November 6th, 2001

  • Location: Sayles-Hill 251
  • Present: Deans Elizabeth McKinsey and Stephen Kelly; Professors John Ramsay, Cathy Yandell, Sarah Hurst and Jack Goldfeather; Students Jessica Yarnall, Luke Peterson, Benjamin Lum, William Galush and Kenechi Ejebe; Staff Persons Sam Demas and Tonya Smith; Alumni Observer Ann Iijima
  • Absent: President Stephen R. Lewis; Dean Mark Govoni, Professor Martha Paas, Trustee Observer Louise Heffelfinger
  • Guests: Professor Steven Drew
  • Secretary: Christine Lee
  • Keywords: Education and Curriculum Committee, ECC, Budget Committee

Approval of Minutes

The College Council minutes for the meeting of October 8, 2001, were approved unanimously in a voice vote.

Report from Education and Curriculum Committee (ECC)

Professor Steven Drew, the co-chair of the ECC, reported on the progress that the ECC was making on its review of the end of the term schedule and the self-scheduled exam option. Throughout this term, the ECC has been examining student opinion surveys taken in the spring term of 2001 and statistical data on the availability of the self-scheduled exam option over the past two academic years. The ECC has also written a Carletonian article and held an open forum for students, faculty and staff earlier this term to gain feedback regarding this issue. Furthermore, the ECC is creating a faculty survey that will be sent to faculty members in early winter term. Professor Drew explained that although the ECC recognizes that it may be premature to do faculty surveys at this point since we haven't seen all the benefits of the system yet, particularly the lengthened spring break, the ECC has decided to move forward with its review due to the urging of many students. The ECC hopes to make recommendations to the faculty by the end of the academic year. Specific issues such as the efficacy of self scheduled exams considering the costs associated with proctoring exams and the limited number of classes offering this option and the need for another reading day to relieve stress versus the need for lengthened spring and summer breaks to rejuvenate faculty, staff and students are issues that have been debated and will continue to be debated. Another possibility includes scheduling exams on Sunday so students can have two consecutive reading days. Students would be able to request not to have exams on Sunday for religious reasons just as certain students can request not to have exams on Saturday for religious reasons within our current system.

Budget Committee Update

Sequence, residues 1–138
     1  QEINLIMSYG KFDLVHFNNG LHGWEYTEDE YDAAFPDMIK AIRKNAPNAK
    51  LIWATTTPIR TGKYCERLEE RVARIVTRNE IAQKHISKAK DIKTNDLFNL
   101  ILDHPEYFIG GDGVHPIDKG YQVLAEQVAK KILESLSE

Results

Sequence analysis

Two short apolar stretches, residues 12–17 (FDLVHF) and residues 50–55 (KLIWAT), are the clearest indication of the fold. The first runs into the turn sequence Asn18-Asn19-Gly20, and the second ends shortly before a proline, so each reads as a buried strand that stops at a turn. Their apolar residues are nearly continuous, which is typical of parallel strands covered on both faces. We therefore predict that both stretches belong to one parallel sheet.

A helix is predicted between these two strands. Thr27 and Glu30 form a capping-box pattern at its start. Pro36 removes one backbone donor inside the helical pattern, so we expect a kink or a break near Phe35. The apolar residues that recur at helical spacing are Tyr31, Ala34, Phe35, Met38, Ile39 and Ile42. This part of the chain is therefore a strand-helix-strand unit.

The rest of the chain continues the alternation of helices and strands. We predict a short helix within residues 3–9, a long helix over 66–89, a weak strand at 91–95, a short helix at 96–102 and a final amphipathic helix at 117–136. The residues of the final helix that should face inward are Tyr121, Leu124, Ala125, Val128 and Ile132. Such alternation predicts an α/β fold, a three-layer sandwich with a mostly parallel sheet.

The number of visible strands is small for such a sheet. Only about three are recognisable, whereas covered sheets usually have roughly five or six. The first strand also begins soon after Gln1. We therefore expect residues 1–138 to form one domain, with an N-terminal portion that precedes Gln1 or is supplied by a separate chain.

Dean Steve Kelly reported that although it is difficult to calculate Carleton's financial status in the midst of falling interest rates and inflation and a fluctuating endowment, there are certain issues that will affect the budget: financial aid, the comprehensive fee, and the renovation of pre-Depression buildings. The differences between the March 2001 balanced budget and the October 2001 revised budget is primarily attributed to the increased number of students which increases the net tuition revenue but also increases the amount of financial aid and additional costs across the board. The added draw on the endowment voted by the trustees after the approved budget process to make changes to faculty and staff salaries also represents another change on both the income and expense sides. The overall net gain was $232 thousand which is less than expected based on the increased number of students. Carleton has also been moving forward on its goals for diversity within the student body with this year's freshman class having a 20% domestic diversity rate and a 4% international diversity rate. Both the Carleton in the 21st Century report and the retreat for trustees, faculty, staff and students last February reaffirmed the goal of attracting and admitting the most talented and diverse students as Carleton's top priority. However, Dean Kelly explained that there is an expense to achieving a goal of 25% diversity. Carleton spends about $6, 000 more in grant aid on students from the "diverse" categories than they do on majority students, because these students, on average, come from families with fewer resources. After Carleton has achieved a 25% diversity rate with a need sensitive rate of 10%, then the model of financial aid growth assumes that financial aid will grow only 1% above any increase in student fees. However, in order to balance the budget in future years and keep the draw on the endowment at 4.5 %, all the funds for as-yet undesignated programs would have to go towards diversity initiatives in financial aid, in lieu of other new initiatives. Fortunately, for most of the past ten years, the College has been prudent and drew less than the authorized 4.5% of the endowment. The dollars that weren't spent were returned to the fund so as to mitigate the effects when we draw more than 4.5%.